Fishing in Texas, the Top 12 game fish
Fishing in Texas, the Top 12 Game Fish
The subject of this article will be fishing in Texas, the top 12 species, focusing on freshwater and inshore saltwater fish game species.
The state of Texas offers anglers some outstanding fishing opportunities. Coastal waters have excellent populations of redfish and speckled trout. Other species such as flounder, sheepshead, and drum are plentiful in the shallow, fertile bays. Freshwater anglers target trophy largemouth bass, crappie, catfish, striped bass, panfish, and more in Texas lakes and rivers.
Stephanie is our Fishing Ladies local pro for this piece. She fishes as often as possible. She is sharing her experiences and pictures with us.
Follow Stephanie on IG
Stephanie is our Fishing Ladies Texas expert
“Little bit about me, I just started fishing a couple years ago. It wasn’t anything that my family did, and certainly wasn’t something that you see many women doing. When I met my man it was his passion, I fished to be with him, but it quickly became something that I loved, it became my passion, it became my reset button, and it fed my soul. I started getting more and more into fishing learning about the baits, the reels, the rods, and soon it wasn’t him asking to go fishing, it was me asking him to go fishing.
“It wasn’t long before it wasn’t him asking to go fishing it was me asking to go fishing and learning new knots and baits and reading about fishing techniques and studying the maps. I absolutely love fishing and I would like to tell all the ladies out there this is not just a mans sport, get out there on the water, get your lines wet you won’t regret it.
“My favorite reels to use are Kastking. The Sparticus is my favorite reel, spooled up with 15 pound braided line. It is paired with a Waterloo rod. I like a 7′ medium action rod. I use a 24″ pice of 25 pound flourocarbon leader.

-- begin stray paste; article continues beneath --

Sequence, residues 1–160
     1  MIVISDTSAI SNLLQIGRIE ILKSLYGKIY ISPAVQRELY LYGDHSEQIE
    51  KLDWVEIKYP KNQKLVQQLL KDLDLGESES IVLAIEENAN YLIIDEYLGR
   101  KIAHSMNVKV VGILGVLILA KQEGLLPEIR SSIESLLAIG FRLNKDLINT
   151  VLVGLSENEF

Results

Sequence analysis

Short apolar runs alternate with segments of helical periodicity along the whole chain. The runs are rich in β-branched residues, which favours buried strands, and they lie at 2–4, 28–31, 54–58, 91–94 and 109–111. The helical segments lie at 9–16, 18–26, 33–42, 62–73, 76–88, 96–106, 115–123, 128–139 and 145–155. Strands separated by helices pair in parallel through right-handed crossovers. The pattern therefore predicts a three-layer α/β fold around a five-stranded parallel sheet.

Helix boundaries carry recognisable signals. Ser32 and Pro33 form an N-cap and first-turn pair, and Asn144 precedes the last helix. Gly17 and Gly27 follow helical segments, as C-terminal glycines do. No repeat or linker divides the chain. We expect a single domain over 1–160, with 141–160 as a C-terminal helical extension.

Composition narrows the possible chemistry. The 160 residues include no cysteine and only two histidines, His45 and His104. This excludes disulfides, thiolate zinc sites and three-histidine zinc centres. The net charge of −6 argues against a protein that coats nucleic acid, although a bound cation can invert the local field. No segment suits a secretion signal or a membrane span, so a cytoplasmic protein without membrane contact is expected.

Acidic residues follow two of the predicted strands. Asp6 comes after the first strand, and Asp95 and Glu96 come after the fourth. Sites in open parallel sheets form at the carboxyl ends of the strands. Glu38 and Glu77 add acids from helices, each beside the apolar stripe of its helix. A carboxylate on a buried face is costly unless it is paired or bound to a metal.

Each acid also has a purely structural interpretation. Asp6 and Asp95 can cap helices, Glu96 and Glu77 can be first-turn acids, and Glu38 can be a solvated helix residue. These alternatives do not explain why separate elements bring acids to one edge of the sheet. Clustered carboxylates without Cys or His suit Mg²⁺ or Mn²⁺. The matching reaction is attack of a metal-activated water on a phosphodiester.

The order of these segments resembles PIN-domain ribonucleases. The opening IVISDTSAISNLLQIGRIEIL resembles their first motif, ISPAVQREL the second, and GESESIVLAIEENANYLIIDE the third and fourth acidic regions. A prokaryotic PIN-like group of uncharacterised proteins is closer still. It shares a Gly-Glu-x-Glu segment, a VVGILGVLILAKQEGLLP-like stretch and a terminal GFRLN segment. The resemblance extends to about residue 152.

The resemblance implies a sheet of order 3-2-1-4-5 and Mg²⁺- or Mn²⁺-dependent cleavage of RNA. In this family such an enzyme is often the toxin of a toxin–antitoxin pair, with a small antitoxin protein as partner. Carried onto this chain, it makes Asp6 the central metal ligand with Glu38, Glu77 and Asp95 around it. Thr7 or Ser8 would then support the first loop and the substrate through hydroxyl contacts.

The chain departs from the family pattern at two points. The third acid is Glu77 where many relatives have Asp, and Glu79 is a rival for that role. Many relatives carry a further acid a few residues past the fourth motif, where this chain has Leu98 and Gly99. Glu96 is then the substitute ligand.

“When the tide isn’t moving and it is slow I like to tie on a High Water Fishing Lures Popping cork tipped with gulp or even live bait and it turns the fish on. My go-to bait when fishing docks and jetties is a ¼ ounce jig head with a live shrimp. It catches every species in Texas”!
Top Texas inshore saltwater species
The shallow bays along the Texas coast from Houston to South Padre Island offer anglers excellent opportunities to catch fish. Speckled trout are the top inshore species, with redfish being a close second. Flounder, black drum, and sheepshead are also available.
1) Speckled trout
Speckled trout are arguably the most popular saltwater species in Texas. They are a beautiful fish that are aggressive and strike rates and artificial lures with gusto. Speckled trout school up on the shallow flats as well as in the passes. Trout are also fantastic eating.
The entire Gulf Coast of Texas from Houston down to South Padre Island is ideal speckled trout habitat. The wide, shallow bays consist of mud, we, sand, and oyster shell bottom. Submerge grass beds and oyster bars in particular attract the forage that speckled trout feed on. Their diet consists of both crustaceans and bait fish.
Many speckled trout are landed by Texas anglers using a noisy cork. These corks provide casting weight while also being used to attract fish. The top of the cork has a concave face which makes a loud “pop” when twitched sharply. This noise simulates feeding fish and attracts both speckled trout and other species to the bait dangling below. Anglers can use either a live shrimp or a soft plastic bait on a jig head under the cork.
Redfish are another very popular inshore saltwater species targeted by Texas anglers. They also thrive in the shallow bays and passes. Redfish will often be found in schools on the flats in late summer. They gang up before moving out into the Gulf of Mexico to spawn.
Redfish can be caught in very shallow water. Oyster bars are prime spots as they forage for crabs and shrimp. They are also found in the rock jetties and under docks and bridges. Live shrimp and small bait fish are the top live baits. Jigs and weedless gold spoons are good artificial lures. The same popping cork techniques that produce trout will fool redfish as well.
Schools of bull redfish can be encountered in the open waters of the Gulf of Mexico. Anglers coming across one of these schools are in for a treat! The reds will be fairly easy to get to bite if anglers are patient and quietly ease into position. These are large fish, so make sure the tackle is appropriate.
Flounder are another much sought after inshore species. They are found right on the bottom. Flounder are predators with surprisingly large mouths and prefer live prey such as bait fish and shrimp. A live shrimp on a ¼ ounce jig head is very productive. Live mud minnows and other small bait fish are great baits as well.